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Dylan Hartley

The player had a relatively incident free year; captaining England to a full sweep of international fixture wins but then his bad boy image reared its head with a disgraceful sending off for Northampton Saints against Leinster. Six week ban after a cowardly no arms tackle on Sean O’Brien and the player again proved that he cannot be trusted to lead or execute a team’s game plan in any manner. Eddie Jones comments on December 21st was enough; his international career is hanging by a thread.

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Dublin Senior Hurling Team – Crisis

When your best player decides it is better to stay on the sidelines, it is time to talk. Danny Sutcliffe’s decision to not be considered for selection says plenty about the current morale in the Dublin hurling team. Cuala’s exploits in All Ireland club will inevitably lead to several county players unavailable; the squad looks stretched and relegation looks a possibility. Ger Cunningham’s tenure has being shrouded in disappointment; no progress being made and they are falling behind Kilkenny and Galway in the province. Disappointing for the game in general, need a competitive Dublin hurling team in the All Ireland Series but they are not at the level at this time. Davy Fitzgerald as manager would have being a viable option? Dublin board missed a trick there.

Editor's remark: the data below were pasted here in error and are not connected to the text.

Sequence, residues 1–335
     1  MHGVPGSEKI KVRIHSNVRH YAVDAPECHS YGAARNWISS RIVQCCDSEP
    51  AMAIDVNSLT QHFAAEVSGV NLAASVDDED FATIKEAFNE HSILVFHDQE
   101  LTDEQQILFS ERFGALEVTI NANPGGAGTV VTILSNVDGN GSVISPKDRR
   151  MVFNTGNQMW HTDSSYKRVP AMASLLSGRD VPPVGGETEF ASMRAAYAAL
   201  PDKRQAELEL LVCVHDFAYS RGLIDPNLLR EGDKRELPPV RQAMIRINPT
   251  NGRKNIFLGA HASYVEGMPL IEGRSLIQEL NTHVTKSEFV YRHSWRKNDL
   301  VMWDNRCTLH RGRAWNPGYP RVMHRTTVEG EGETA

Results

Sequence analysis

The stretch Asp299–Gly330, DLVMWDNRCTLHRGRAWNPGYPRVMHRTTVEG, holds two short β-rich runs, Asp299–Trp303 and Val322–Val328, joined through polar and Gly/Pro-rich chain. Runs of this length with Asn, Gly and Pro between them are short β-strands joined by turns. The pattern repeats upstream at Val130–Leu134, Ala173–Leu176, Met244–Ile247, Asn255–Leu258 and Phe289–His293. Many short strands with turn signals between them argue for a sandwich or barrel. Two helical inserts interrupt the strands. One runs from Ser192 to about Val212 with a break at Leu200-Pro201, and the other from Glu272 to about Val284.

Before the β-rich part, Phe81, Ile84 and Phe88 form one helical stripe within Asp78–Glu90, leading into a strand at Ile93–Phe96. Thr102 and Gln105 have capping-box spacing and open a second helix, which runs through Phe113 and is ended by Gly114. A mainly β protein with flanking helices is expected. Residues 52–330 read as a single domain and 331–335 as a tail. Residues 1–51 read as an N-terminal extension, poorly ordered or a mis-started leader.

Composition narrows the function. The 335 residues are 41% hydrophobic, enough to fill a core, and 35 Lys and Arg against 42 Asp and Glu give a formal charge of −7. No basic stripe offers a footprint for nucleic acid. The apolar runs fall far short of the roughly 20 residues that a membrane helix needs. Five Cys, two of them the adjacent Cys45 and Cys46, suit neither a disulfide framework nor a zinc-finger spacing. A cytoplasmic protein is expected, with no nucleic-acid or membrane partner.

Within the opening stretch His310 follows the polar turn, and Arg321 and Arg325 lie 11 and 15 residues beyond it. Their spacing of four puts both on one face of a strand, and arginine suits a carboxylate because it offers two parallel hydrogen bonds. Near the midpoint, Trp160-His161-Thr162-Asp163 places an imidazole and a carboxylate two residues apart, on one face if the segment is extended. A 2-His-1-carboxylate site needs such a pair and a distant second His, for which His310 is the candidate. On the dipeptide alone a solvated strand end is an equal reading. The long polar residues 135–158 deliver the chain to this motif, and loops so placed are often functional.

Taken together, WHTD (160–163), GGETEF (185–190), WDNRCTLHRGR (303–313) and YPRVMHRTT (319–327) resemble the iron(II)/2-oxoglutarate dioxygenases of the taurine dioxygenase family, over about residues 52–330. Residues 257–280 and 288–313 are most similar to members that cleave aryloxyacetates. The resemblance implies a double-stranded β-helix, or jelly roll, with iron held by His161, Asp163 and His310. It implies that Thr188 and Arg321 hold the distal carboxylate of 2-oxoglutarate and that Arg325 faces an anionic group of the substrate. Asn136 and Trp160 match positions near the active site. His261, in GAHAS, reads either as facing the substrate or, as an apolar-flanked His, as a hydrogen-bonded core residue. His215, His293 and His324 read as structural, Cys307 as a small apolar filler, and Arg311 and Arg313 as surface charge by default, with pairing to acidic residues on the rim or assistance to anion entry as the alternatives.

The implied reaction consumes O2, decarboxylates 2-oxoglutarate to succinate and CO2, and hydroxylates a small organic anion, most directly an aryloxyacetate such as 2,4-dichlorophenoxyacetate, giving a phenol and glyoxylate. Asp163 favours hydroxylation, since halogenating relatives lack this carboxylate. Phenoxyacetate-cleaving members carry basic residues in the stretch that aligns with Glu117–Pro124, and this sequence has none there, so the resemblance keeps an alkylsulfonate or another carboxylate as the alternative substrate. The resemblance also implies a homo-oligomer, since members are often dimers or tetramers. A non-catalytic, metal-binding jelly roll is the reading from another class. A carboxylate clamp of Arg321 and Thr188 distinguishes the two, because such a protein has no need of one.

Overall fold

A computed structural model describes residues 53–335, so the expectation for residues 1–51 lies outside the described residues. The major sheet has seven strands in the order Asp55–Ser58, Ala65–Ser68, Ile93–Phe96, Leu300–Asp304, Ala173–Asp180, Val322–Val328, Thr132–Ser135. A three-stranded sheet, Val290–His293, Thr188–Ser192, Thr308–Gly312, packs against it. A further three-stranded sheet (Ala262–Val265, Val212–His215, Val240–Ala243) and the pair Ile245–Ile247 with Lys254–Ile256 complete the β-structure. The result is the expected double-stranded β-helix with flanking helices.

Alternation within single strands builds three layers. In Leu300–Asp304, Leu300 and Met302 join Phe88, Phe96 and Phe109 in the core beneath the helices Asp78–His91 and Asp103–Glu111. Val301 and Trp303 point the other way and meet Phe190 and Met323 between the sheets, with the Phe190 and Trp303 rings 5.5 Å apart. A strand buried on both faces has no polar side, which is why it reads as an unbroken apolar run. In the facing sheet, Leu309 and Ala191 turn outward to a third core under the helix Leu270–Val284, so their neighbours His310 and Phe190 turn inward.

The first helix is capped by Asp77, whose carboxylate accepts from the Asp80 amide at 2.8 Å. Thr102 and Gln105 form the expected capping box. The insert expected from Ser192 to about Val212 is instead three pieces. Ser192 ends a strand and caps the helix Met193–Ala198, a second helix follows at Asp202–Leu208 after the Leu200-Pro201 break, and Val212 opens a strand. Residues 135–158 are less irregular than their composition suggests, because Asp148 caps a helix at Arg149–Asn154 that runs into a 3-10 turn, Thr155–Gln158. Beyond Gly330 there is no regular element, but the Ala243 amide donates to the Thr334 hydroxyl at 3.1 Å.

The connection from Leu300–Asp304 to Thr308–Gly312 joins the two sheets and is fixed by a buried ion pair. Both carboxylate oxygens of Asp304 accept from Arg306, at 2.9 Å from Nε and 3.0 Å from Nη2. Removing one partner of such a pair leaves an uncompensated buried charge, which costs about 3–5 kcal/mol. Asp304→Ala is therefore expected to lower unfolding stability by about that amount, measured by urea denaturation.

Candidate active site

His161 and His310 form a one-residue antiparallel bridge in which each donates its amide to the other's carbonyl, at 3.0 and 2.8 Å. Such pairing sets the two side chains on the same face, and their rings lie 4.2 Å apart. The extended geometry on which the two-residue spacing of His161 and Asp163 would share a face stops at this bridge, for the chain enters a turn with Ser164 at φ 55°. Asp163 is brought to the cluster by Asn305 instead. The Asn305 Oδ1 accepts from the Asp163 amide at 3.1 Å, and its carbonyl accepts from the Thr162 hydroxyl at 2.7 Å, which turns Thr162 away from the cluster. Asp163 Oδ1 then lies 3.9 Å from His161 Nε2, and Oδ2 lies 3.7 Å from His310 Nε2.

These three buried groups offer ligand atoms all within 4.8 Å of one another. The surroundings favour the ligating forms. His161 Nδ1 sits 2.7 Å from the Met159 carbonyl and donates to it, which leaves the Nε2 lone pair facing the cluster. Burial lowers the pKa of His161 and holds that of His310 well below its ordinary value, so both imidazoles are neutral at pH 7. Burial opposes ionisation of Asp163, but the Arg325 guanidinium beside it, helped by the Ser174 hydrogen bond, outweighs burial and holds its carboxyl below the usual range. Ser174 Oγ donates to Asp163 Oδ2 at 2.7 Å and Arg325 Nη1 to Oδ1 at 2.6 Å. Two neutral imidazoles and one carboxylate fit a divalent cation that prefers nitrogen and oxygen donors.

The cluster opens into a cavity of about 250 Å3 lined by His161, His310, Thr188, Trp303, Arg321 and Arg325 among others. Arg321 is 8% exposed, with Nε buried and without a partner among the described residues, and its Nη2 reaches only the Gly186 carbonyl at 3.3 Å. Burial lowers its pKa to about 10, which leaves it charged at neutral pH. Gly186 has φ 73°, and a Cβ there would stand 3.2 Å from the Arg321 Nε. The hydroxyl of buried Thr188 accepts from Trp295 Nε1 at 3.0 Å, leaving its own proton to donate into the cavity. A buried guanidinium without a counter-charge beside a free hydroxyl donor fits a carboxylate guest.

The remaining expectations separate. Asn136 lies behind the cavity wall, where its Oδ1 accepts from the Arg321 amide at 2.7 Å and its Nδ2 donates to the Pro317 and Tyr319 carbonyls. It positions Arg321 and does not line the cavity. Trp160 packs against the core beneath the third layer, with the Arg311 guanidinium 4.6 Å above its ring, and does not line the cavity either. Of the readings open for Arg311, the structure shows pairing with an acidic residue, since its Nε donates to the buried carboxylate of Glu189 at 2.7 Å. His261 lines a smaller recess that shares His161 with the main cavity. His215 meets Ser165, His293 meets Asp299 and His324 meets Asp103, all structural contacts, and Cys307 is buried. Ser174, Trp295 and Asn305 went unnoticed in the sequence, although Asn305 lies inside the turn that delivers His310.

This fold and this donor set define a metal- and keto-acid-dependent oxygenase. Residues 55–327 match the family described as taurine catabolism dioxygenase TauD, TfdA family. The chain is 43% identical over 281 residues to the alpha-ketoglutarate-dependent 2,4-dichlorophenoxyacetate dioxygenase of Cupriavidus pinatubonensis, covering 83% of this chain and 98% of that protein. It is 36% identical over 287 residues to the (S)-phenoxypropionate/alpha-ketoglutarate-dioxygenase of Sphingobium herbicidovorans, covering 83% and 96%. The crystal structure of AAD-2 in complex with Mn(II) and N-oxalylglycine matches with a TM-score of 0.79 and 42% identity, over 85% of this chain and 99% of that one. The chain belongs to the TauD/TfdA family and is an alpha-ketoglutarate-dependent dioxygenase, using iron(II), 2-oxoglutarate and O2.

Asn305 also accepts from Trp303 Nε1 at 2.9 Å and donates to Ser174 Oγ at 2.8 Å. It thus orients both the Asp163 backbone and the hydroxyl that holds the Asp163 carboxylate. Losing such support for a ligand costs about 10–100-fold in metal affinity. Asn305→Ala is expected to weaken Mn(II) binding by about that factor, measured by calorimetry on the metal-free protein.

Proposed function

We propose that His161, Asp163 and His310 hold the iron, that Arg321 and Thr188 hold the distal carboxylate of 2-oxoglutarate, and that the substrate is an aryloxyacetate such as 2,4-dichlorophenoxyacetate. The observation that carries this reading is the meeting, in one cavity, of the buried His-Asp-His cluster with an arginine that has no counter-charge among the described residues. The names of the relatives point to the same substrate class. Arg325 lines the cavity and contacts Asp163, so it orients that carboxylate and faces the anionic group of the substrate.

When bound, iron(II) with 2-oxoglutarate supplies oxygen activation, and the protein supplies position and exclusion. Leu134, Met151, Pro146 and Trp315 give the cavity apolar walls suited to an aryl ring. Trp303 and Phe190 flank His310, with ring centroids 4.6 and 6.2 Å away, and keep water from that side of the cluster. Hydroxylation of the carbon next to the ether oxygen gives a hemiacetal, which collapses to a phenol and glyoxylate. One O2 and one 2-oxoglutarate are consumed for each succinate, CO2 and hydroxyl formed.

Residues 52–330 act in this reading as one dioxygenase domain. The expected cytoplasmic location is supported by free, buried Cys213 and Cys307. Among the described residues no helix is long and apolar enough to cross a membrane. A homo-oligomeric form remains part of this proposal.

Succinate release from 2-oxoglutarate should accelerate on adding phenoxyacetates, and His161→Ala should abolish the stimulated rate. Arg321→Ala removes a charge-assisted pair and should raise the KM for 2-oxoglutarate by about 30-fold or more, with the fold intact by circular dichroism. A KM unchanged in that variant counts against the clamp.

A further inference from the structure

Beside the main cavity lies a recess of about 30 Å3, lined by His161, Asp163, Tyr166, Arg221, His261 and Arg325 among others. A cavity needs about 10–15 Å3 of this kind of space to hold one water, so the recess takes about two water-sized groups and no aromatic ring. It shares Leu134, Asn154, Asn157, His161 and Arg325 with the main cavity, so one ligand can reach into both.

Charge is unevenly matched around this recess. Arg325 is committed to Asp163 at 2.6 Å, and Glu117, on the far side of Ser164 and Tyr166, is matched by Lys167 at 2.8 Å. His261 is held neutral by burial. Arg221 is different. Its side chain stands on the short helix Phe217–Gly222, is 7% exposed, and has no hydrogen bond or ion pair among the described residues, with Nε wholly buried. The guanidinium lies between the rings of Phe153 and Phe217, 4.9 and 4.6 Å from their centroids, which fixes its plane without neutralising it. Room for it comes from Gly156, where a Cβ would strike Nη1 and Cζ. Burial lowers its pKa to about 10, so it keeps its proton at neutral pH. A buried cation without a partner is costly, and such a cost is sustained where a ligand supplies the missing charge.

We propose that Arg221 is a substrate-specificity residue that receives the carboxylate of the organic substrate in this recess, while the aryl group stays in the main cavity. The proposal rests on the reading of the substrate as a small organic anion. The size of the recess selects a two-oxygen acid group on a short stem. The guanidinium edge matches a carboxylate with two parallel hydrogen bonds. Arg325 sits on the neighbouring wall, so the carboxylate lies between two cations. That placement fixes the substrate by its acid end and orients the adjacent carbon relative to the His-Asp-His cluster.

Sporting Year Review- The Good

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Connacht, Connacht, Connacht!

Connacht’s fantastic Guinness Pro 12 triumph which raised the league standard with their offloading, expansive style of play. The emergence of Dillane, Bealham, McGinty, Marmion, Healy, O’Halloran to name but a few as well as the leadership of Muldoon, Muldowney were to the fore. Their final performance against a strongly fancied Leinster team in Edinburgh was sublime. Four strong provinces of Ireland. The national side benefited as a result.

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Tipperary Senior Hurlers

Tipperary’s performance against Kilkenny in the All Ireland SHC final last September. Their ability to execute a game plan which exposed Kilkenny’s full back line and allowed the likes of Callanan, O’Dwyer and John McGrath to flourish in the full forward line was a managerial masterstroke. Apart from Clare in the NHL semi-final, Kilkenny took all comers but they had no answers off the bench to stem the flow of ball into the Tipperary full forward line. Kilkenny will be back next year but the rest of the chasing pack have renewed hope and confidence. An excellent hurling championship beckons.

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Austin Gleeson

The skill set of Austin Gleeson. The player is a freak of nature; has all the traits to become one of the hurling greats. Gleeson started in the half back line but the versatility of the youngster was evident in his performances in the half forward line towards the end of the season. Double award winning hurler of the year, Gleeson has the hurling world at his feet, will be interesting if the Deise county can get over the line and win Liam McCarthy next season.

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Waterford U21 Hurlers

Waterford U21 hurling team performances this season; one of the best teams in this age grade in the history of the competition. Their first touch, superb passing and goal scored were hallmarks of their season in this grade and they demolished Clare, Tipp, Antrim and Galway enroute to final glory. Shane Bennett was to the fore; a young man in the same career path ascent like Austin Gleeson. Massive underage potential in Waterford.